TFF logoFORUMS Power Columns

Taiwan's election on Saturday
is a confrontation
with both China and the U.S.



Jonathan Power

March 17, 2004

LONDON - In the short eight years of full democracy in Taiwan Saturday's election will be the third. In each election the candidate that Beijing did not like won office. This time Beijing has made it clear that it doesn't want to see President Chen Shui-bian re-elected. By the workings of normal electoral arithmetic he shouldn't be. In the last election he won on a minority vote because the opposition- the successor party to Chiang Kai-shek's Kuomintang- was divided. This time there is no division and until recently many assumed Chen would lose. But once again China has been waving its fist and the chances are that Chen has a good chance of gaining a second term.

The more Taiwan becomes democratic, the more the older generation of Chinese die off (a good many of whom crossed the strait as part of the fleeing troops of the Kuomintang defeated by the communists in China's civil war) and the more Taiwan advances with its formidable educational system and the technology that system produces, the more the new voters ask themselves why should their country kowtow before the dictatorship of Beijing.

In February, 1972, President Richard Nixon, seeking to end years of enmity between the U.S. and China, made one of the greatest mistakes of post World War 2 history. Signing the Shanghai Communiqué, the U.S. declared, "The U.S. acknowledges that all Chinese on either side of the Taiwan Strait maintain there is but one China and that Taiwan is a part of China." Understandably these words have been cast in stone by Beijing. But if it were ever true in Taiwan it is certainly no longer true. ALL Chinese in Taiwan do NOT believe their country is part of China. And there's the rub.

For many, and perhaps even most Taiwanese, this is not just a question of semantics but also of principle and, not least, of history. Why should Taiwan forsake the cause of independence when it was only ruled in a very desultory manner by the Chinese from 1683 to 1895? For most Taiwanese this was simply colonialism, no different from what came before - the Spanish (who ruled for 17 years), the Dutch (38 years) - and after with the Japanese from 1895 to 1946, who were the first to control the entire island. Following the end of the Second World War came the occupation and rule of Chiang Kai-shek and, after his death, that of his son. In 1991 President Lee Teng-hui, of the Kuomintang party, renounced Taiwan's claim to be the true rulers of China.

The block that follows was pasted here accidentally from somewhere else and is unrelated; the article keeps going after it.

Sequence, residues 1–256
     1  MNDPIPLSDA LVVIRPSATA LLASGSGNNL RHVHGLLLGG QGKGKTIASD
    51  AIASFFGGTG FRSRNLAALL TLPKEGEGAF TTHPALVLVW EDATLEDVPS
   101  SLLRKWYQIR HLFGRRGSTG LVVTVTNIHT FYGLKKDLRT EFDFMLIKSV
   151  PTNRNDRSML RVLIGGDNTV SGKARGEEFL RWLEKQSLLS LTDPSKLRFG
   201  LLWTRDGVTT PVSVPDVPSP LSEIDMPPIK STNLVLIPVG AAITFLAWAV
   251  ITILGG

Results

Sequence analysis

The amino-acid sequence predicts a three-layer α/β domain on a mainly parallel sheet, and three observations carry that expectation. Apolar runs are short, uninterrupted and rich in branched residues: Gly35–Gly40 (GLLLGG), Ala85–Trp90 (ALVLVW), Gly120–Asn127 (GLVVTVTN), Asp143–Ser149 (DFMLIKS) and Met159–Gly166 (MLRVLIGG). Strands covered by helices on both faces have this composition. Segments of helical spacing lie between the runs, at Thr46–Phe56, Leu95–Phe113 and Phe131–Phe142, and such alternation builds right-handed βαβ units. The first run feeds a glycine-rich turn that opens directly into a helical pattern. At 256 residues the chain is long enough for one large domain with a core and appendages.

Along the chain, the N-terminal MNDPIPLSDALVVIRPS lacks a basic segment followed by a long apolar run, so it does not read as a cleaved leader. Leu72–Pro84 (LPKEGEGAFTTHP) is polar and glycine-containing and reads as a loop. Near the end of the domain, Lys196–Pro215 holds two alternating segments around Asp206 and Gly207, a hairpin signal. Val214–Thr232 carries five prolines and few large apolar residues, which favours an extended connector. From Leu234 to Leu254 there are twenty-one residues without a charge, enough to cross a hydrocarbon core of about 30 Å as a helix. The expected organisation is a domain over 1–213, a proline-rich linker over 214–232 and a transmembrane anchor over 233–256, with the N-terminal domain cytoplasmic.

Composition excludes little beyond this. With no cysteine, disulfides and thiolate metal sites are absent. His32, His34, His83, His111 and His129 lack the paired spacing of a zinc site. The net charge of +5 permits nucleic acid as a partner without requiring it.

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John Steinbruner of the Brookings Institution has written in his book "Principles of Global Conflict" that the Taiwan/China conflict is "a major strategic accident waiting to happen". Of that there can be little doubt. China is not prepared to lose face by changing its policy. As Taiwan develops both economically and educationally the voices within seeking independence will grow. The question for the U.S. and Taiwan is how to manage this democratic transition.

Last November Chen upped the stakes by declaring that election time would also be the occasion for two referenda, one of which is on whether Taiwan should increase its military spending to counterbalance the growing number of missiles that Beijing is aiming at Taiwan. Beijing became exceedingly angry and only when the White House sent an envoy to Taipei to persuade Chen to stop needling Beijing and President George W. Bush went out of his way to assure Chinese premier Wen Jiabao, during his visit to Washington in December, that no change in Washington's "One China" policy was contemplated did Beijing start to calm down. Even so it remains agitated about Chen's favorable chance of being re-elected and about the somewhat milder referenda he is determined to go ahead with. Another crisis between the two is certainly on the cards. Last time President Bill Clinton had to deploy two aircraft-carriers in a show of force to cool tempers on both sides.

While there can be no question that the pushy democrats in Taiwan have both history and right on their side, they also have to be pragmatic. With two (three if Europe is included) great powers against it how can Taiwan maneuver to keep its freedom?

Taiwan has to play a long game. Time is Taiwan's friend. If Taiwan is changing fast so is China. China in ten or twenty years' time could be a democracy. In Hong Kong there is a great deal of agitation for full elections. Before very long people in China itself will be asking why they can't elect a president if the Taiwanese can. Then it is not inconceivable to imagine that a democratic China and a new generation could lose their obsession with incorporating Taiwan.



I can be reached by phone +44 7785 351172 and e-mail:


Copyright © 2004 By JONATHAN POWER


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